A long service costume designer was dismissed following a
workplace harassment investigation. The employer also banned the
guilty employee from all of its future productions. A British
Columbia arbitrator found the ban to be excessive because of a lack
of progressive discipline. The arbitrator in Warner Bros. Television (B.C.) Inc.(PDF) ruled
that even the least remorseful of employees is entitled to an
opportunity to change their behaviour.
A junior employee made a workplace harassment complaint that the
costume designer ("the Grievor") made several derogatory
comments and grabbed her arm hard enough to bruise. Numerous other
junior employees later came forward with complaints of derogatory
comments and belittling behavior that spanned a period of seven
years. The investigation also revealed allegations that the Grievor
had been billing the Company's costume department for personal
Based on the results of the investigation, the Company dismissed
the Grievor from the production. It also issued a no-hire
order. That barred her from working on any of the
Company's other productions. The employee filed a grievance,
which was arbitrated.
The arbitrator found that there was insufficient evidence to
conclude that the employee had used the property of the production
for her own private purposes.
In regards to the harassment complaints, the arbitrator took
note of the "tough" workplace environment in the film and
television industry. The arbitrator accepted the evidence that the
Grievor was quick to anger, aggressive and used profanity in her
interactions with co-workers. She often made derogatory,
inappropriate and demeaning remarks to co-workers. He also found
that the Grievor once grabbed a junior employee's arm hard
enough to bruise.
This "pattern of objectionable conduct" was contrary
to the Company's workplace harassment policy. Further, the
Grievor showed no remorse or insight into her behaviour.
Despite those factual findings, the arbitrator ruled that the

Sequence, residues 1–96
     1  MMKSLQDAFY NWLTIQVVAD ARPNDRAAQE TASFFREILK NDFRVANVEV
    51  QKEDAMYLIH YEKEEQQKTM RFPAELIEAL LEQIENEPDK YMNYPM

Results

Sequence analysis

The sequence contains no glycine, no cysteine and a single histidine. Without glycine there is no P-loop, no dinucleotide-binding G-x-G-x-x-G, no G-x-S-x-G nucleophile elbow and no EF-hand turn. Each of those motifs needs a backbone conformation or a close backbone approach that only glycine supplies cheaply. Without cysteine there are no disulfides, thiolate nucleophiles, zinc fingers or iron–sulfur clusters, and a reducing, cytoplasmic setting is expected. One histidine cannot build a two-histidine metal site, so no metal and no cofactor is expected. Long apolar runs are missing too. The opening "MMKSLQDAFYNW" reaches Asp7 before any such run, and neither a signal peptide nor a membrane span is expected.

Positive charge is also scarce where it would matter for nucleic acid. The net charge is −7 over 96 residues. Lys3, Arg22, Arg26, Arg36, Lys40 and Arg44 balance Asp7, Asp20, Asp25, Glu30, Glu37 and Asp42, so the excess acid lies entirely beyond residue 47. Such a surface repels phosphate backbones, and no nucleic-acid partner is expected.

normal requirement of following progressive discipline should apply
here. The Company had not met that requirement. He decided that the
Company was not required to reinstate the Grievor to the current
production, but the no-hire ban for all future productions was
excessive. The issue of appropriate restrictions for work on future
productions was left to the parties to agree upon.
Take Away for Employers
Progressive discipline remains the gold standard for most
workplace misconduct. Employers are advised to not only develop and
implement robust workplace harassment policies, but also to develop
and implement effective progressive discipline procedures.
Unfortunately, reasonable accommodation for employees in the workplace continues to be the source of significant litigation and even today we continue to see outrageous examples of employers behaving badly.
We are now beginning to see reported cases involving charges and subsequent fines laid against employers for failing to provide information, instruction and supervision to protect a worker from workplace violence.
On October 13, 2016, the Supreme Court of Canada denied leave to appeal an Ontario Court of Appeal decision which ordered an employer to pay a former employee 37 months of salary and benefits following termination.
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